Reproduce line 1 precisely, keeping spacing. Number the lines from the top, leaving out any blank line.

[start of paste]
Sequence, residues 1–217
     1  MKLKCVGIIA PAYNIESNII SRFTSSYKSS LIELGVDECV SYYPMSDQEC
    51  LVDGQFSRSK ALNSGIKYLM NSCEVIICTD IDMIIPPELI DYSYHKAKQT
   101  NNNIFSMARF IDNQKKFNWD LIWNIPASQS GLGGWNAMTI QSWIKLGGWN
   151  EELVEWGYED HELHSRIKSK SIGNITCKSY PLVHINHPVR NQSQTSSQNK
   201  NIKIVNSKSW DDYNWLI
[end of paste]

Sequence, residues 1–217